Holding the Fire Line
By Staff Writer
Imagine yourself halfway through your sixth fourteen hour shift in a row. You're standing on a steep mountainside, trying to catch your breath and rehydrate. It's unseasonably hot for November, eighty degrees at noon and much hotter than that on the fire line you and your team just brought under control. You're hoping for a much needed break to gulp down some food and get off your feet, even a half-hour would be welcome. Then the call comes, fire has started again on a line that you had under control hours before. You look at the tired faces of your co-workers, take a deep breath, and grab your gear. There will be no break for now. It's time to go back into battle.
That was the all too familiar experience for many state employees during October and November, as some of the largest forest fires that Kentucky has seen in many years burned in 49 counties across the state. The two primary causes of the fires were careless burning in areas that were under a burn ban, and arson. The scenario above happened on more than one occasion.
As if starting a forest fire weren't bad enough, arsonists often seek to re-start fires after crews have extinguished flames and moved on to other flare ups. This criminal activity can often transform this challenging task into a life-threatening one for fire fighters. It was in the battle against arson induced re-starts that teamwork between state agencies paid some of its biggest dividends.
Having entered into a memorandum of agreement (MOA) the Kentucky Department of Forestry and the Kentucky Department of Fish and Wildlife Resources (KDFWR) Division of Law Enforcement had laid the groundwork for a joint effort to combat arson. Along with Governor Bevin's state of emergency declaration in early November, DNR Commissioner Allen Luttrell made a call to Colonel Rodney Coffey, Director of the Law Enforcement Division of the Kentucky Department of Fish and Wildlife. Colonel Coffey responded by deploying his Law Enforcement Officers (LEO's) to multiple areas where fires were still raging.
"The added presence of law enforcement was extremely helpful in limiting re-starts in the affected areas," Colonel Coffey said. In all, Fish and Wildlife LEO's in conjunction with the Division of Forestry cited 63 for burn ban violations, gave out 14 written warnings, and issued 31 arson citations. Perhaps most importantly, a total of 11 arson arrests were made, 8 of those by Fish and Game LEO's.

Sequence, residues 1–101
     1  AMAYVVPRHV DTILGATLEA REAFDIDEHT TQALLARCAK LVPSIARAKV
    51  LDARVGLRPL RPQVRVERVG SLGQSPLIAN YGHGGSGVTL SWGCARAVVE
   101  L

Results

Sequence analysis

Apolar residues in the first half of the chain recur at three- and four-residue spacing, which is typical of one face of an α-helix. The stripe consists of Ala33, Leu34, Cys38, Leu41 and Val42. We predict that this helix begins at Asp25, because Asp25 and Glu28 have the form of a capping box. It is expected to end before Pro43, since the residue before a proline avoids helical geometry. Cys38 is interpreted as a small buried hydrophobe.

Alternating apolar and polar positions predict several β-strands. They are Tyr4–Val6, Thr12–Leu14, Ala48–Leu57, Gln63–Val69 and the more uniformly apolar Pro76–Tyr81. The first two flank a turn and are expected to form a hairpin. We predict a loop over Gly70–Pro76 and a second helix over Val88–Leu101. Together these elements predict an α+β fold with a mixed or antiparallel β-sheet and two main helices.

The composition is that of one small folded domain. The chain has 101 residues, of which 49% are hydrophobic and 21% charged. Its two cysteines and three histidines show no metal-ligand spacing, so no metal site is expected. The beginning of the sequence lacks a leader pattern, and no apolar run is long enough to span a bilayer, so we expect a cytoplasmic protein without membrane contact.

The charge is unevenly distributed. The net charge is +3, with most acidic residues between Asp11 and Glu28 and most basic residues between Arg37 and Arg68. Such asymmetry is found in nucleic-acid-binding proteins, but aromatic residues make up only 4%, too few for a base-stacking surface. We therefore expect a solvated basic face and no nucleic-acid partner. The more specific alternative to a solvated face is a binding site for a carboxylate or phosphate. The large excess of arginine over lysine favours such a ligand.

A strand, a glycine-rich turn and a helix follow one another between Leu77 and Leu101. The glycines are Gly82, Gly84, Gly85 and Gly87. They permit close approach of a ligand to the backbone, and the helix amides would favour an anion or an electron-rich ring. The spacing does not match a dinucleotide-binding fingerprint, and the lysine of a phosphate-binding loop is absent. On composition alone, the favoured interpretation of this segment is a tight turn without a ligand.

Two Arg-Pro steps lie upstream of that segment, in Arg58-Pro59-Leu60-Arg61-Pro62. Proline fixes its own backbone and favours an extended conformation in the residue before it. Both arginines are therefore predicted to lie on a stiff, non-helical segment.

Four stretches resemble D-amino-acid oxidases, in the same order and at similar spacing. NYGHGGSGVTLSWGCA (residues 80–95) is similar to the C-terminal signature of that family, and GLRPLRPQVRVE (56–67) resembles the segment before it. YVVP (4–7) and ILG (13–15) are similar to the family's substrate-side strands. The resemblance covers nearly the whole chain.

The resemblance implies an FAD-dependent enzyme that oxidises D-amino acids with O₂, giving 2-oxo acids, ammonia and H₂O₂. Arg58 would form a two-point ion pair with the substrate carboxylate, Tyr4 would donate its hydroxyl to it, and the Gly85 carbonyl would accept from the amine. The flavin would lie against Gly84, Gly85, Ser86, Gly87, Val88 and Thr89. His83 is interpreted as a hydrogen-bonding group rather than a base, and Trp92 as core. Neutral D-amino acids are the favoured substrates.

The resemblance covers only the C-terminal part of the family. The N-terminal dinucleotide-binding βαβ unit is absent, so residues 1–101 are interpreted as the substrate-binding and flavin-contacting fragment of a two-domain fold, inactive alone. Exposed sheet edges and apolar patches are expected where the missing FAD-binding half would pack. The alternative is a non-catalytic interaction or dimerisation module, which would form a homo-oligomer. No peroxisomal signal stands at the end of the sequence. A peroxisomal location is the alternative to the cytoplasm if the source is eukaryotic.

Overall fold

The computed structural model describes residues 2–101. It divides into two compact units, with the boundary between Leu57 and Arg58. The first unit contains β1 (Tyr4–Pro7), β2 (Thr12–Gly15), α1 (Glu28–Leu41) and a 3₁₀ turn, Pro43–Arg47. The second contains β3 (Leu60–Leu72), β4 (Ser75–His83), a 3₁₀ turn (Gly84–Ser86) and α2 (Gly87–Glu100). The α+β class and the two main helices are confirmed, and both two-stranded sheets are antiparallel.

"Just having those Conservation Officer personnel and trucks so highly visible in the area had a deterrent effect on would-be arsonists," Colonel Coffey continued. "In addition, hunters and sportsmen in those regions were made aware of the problem and were more likely to communicate problem areas they may have witnessed."
However, law enforcement was far from the only area where interagency teamwork proved beneficial. To fight the wildfires, the Division of Forestry, in the Kentucky Department of Natural Resources, mobilized firefighters from across the Commonwealth. They were joined by personnel from the Kentucky Fire Commission, the Division of Mine Reclamation and Enforcement, the Division of Mine Safety and the Department of Corrections. The Kentucky National Guard also contributed a great deal. For the first time in fifteen years, National Guard helicopters were pressed into firefighting service. Blackhawk helicopters made 2,800 water drops, dropping over a million gallons of water to "stop the run of the fires" that winds and thermals between mountains sometimes whipped into a roaring blaze. Meanwhile, Lakota helicopters equipped with infrared imaging equipment, helped division supervisors like James Wright identify hotspots and deploy their resources to areas of greatest need. In addition, local firefighters in individual communities provided assistance where possible. "I've been in this job for twenty years," Mr. Wright said, "and these were some of the largest fires in terms of acreage that I have seen." The forces of nature were both a curse and a blessing during this time. Drought conditions provided lots of dry fuel for the fires. However, Kentucky did not experience high wind gusts as the Gatlinburg area did.
Ultimately, this story ends where it began with the front line firefighters and support personnel. "Just to access many of these fires required long walks across steep terrain; then, once personnel arrived at the fire line, hard, hot, physical work began," Wiley said. Many employees worked fourteen and even sixteen hour days for weeks to bring the fires under control. In addition to the physical fatigue, they missed time with their families. Many were firefighting during the Thanksgiving holiday. In all, only one structure was lost and that was an unoccupied barn. No homes were lost. Commissioner Luttrell publicly thanked all those involved as did Governor Bevin in a video posted on social media and in this newsletter.
The efforts of many state employees and a level of unprecedented interagency cooperation brought Kentucky's fires under control even before the rains began. That and some help from Mother Nature stopped a bad situation from becoming catastrophic.